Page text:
Recently Ghana’s Food and Drugs Board issued a fiat against advertisements of hard liquor and bitters. The FDB’s excuse was that manufacturers of alcohol have misconstrued market authorisation given them to mean running advertisements ad infinitum.
While we should task the FDB to explain why market authorisation should not include adverts, we need to question where it derives the authority to issue such edicts without recourse to the commercial, revenue and employment implications for the country. As I understand, the FDB is not questioning the contents or potency of alcoholic products they have certified to be sold, neither does the Ghana Standards Board have issues with the standards they have set for the manufacturers.
To be fair, the cacophony of the adverts isn’t the nuisance, but the suggestive claims of their powers. Some have said their bitters are substitutes for aphrodisiacs, when in reality over indulgence could promote the desire for sex, but then take away the performance.
The role of adverts is to draw people to a product and its usefulness, not its false contents and claims. However, in regulating an industry such as that of alcohol, care must be taken not to create an uncontrollable underground economy with hazardous consequences. Let’s not forget the numerous circumstances people’s insatiability for the bottle has led them to drink unwholesome alcohol with fatal results. There are already many distillers in Accra that are off the radar of the FDB. It is anyone’s guess what the situation is in other parts of the country where very low income levels are synonymous with boredom and booze.
The ban on advertisements means a legitimisation of the informal alcohol industry which already controls more than 50 per cent of the market. This industry does not advertise on radio and television, neither does it use billboards, nor say the contents of the drinks. Everyone close to it knows it exists.
Alcoholic advertisements are not necessarily targeting kids. Even if they did, it behoves us to find a better way of enforcing rules that make it a punishable offence to sell alcohol to the under aged. Parents and school authorities have a role to play here too. I never tasted any alcoholic drink until I was twenty, two years after acquiring the legal title of an adult. Even that, I am still a social drinker. It may have been my good parental upbringing and schooling that did the trick, and I agree not every one had that opportunity. However, it is not the role of a regulatory body such as the FDB to re-orient what happens in society.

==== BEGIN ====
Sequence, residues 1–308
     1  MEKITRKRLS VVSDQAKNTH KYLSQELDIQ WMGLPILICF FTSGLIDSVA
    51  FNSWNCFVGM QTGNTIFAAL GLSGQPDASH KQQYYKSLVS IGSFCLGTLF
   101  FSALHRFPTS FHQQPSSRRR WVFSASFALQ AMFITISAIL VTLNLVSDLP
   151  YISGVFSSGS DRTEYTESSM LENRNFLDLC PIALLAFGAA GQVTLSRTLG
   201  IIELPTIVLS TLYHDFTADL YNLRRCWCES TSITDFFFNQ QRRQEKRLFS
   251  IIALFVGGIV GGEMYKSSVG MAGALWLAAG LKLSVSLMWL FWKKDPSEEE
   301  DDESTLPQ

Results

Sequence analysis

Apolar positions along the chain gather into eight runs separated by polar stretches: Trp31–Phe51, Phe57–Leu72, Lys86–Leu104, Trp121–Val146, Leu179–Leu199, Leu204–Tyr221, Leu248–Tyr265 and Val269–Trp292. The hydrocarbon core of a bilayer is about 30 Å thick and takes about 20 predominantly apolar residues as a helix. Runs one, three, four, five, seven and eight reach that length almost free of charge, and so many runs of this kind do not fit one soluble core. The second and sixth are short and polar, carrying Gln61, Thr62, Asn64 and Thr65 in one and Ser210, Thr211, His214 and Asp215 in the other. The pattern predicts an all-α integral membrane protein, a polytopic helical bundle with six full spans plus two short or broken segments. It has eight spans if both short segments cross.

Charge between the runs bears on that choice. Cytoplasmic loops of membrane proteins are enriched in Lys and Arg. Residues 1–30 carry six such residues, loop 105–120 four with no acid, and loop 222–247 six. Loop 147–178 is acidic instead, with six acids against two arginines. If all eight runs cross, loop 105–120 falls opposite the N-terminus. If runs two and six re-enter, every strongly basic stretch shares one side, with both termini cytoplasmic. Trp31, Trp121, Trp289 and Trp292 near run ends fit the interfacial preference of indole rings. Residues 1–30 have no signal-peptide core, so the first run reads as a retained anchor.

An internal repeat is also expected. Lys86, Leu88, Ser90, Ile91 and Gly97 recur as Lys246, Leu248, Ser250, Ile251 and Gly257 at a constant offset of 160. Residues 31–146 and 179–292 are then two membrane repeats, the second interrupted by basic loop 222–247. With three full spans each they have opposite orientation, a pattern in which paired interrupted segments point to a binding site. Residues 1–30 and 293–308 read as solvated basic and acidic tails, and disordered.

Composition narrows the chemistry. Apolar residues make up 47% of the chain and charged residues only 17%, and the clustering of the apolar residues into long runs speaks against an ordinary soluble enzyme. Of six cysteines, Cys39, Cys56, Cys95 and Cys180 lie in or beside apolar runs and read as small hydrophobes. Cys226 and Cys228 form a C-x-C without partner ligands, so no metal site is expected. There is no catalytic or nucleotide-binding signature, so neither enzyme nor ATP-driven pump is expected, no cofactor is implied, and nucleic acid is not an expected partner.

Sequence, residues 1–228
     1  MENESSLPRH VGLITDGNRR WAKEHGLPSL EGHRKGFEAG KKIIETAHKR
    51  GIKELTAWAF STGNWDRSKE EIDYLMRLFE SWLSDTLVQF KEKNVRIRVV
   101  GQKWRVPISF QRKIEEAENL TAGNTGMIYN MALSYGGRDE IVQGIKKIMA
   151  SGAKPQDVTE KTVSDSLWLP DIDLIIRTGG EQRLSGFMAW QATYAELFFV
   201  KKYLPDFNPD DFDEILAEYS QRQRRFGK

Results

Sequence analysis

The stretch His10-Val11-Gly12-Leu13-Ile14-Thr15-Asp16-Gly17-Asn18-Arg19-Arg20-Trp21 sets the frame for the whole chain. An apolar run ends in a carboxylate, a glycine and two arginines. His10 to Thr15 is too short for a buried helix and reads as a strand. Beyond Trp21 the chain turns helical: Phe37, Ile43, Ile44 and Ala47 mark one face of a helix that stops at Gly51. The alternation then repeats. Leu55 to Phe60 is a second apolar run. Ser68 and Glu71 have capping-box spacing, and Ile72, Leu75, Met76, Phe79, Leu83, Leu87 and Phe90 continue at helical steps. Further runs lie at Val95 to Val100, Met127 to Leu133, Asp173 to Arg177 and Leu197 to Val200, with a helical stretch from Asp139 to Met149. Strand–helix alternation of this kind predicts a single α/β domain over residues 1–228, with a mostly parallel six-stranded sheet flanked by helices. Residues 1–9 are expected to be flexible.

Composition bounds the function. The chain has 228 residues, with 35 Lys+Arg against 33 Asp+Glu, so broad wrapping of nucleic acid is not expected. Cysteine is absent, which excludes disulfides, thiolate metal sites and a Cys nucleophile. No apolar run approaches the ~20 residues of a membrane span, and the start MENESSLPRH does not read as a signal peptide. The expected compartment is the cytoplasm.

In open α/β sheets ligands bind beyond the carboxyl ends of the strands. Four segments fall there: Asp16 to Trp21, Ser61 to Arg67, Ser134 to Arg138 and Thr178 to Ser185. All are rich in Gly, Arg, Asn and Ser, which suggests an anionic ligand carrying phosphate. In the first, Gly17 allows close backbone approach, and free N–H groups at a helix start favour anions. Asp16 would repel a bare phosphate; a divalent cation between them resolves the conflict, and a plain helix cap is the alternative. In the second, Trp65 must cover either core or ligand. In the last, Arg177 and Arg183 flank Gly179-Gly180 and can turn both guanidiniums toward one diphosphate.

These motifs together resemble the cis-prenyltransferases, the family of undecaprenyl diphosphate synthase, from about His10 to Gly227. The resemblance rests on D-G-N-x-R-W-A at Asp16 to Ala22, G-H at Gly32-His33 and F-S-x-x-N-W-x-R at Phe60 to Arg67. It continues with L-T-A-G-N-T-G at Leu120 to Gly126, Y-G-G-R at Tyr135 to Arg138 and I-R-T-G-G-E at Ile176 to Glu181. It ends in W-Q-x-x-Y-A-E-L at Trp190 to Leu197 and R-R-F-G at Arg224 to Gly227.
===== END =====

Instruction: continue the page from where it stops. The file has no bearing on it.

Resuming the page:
Poverty is a factor in people taking to any bottle in the informal alcohol economy, but a good standard of living accompanies the blitz of the world, and moderation in alcohol consumption happens to be part of the blitz. Relatively well off people are aware of the consequences of over drinking, and even when they do over drink, they have the wherewithal to curb the consequences.
It seems to me a sensible demand for us to tackle the root causes of unwholesome and risky alcohol consumption which is poverty, rather than attack an industry whose contributions to employment generation, revenue for government and corporate social investments have been unsurpassed. Poignantly, the ban on alcoholic adverts has the unintended consequence of affecting sponsorships for what all Ghanaians cherish-soccer. Some of the leading alcoholic beverage manufacturers have made life-time commitments to supporting our national soccer teams, and the results have been positively immediate. Obviously, this shouldn’t leverage any favours from the FDB, but it is only fair that businesses are rewarded for what we collect from them. Besides the ban could affect other alcoholic beverages, and before we know it, we have given a blanket cheque to all regulators to ban what they regulate when they seem overwhelmed by their growth.
For uniformity and predictability of rules, the FDB, Customs and the Ghana Standards Board must align their operations. We must also call for a good self-regulatory body of all alcohol manufacturers to help the regulators come out with a good national alcohol policy. Such policy must maintain a balance between alcohol consumption and health implications, impact of local trade policies on the Industry, international trade treaties, national revenue and employment generation. Such a policy should also exact stakeholder commitments to setting standards for alcohol production, distribution, retail, and consumption. It should also encourage affordable alternatives to illicit alcohol and create a safe and responsible drinking culture in Ghana. In the mean time, the FDB should lift the ban on alcohol advertisements to save lives that are being lost to the illicit informal alcohol industry.
Franklin Cudjoe is Executive Director of IMANI, a Ghanaian think-tank dedicated to researching economic trends for the benefit of business, civil society and government. His email is email@example.com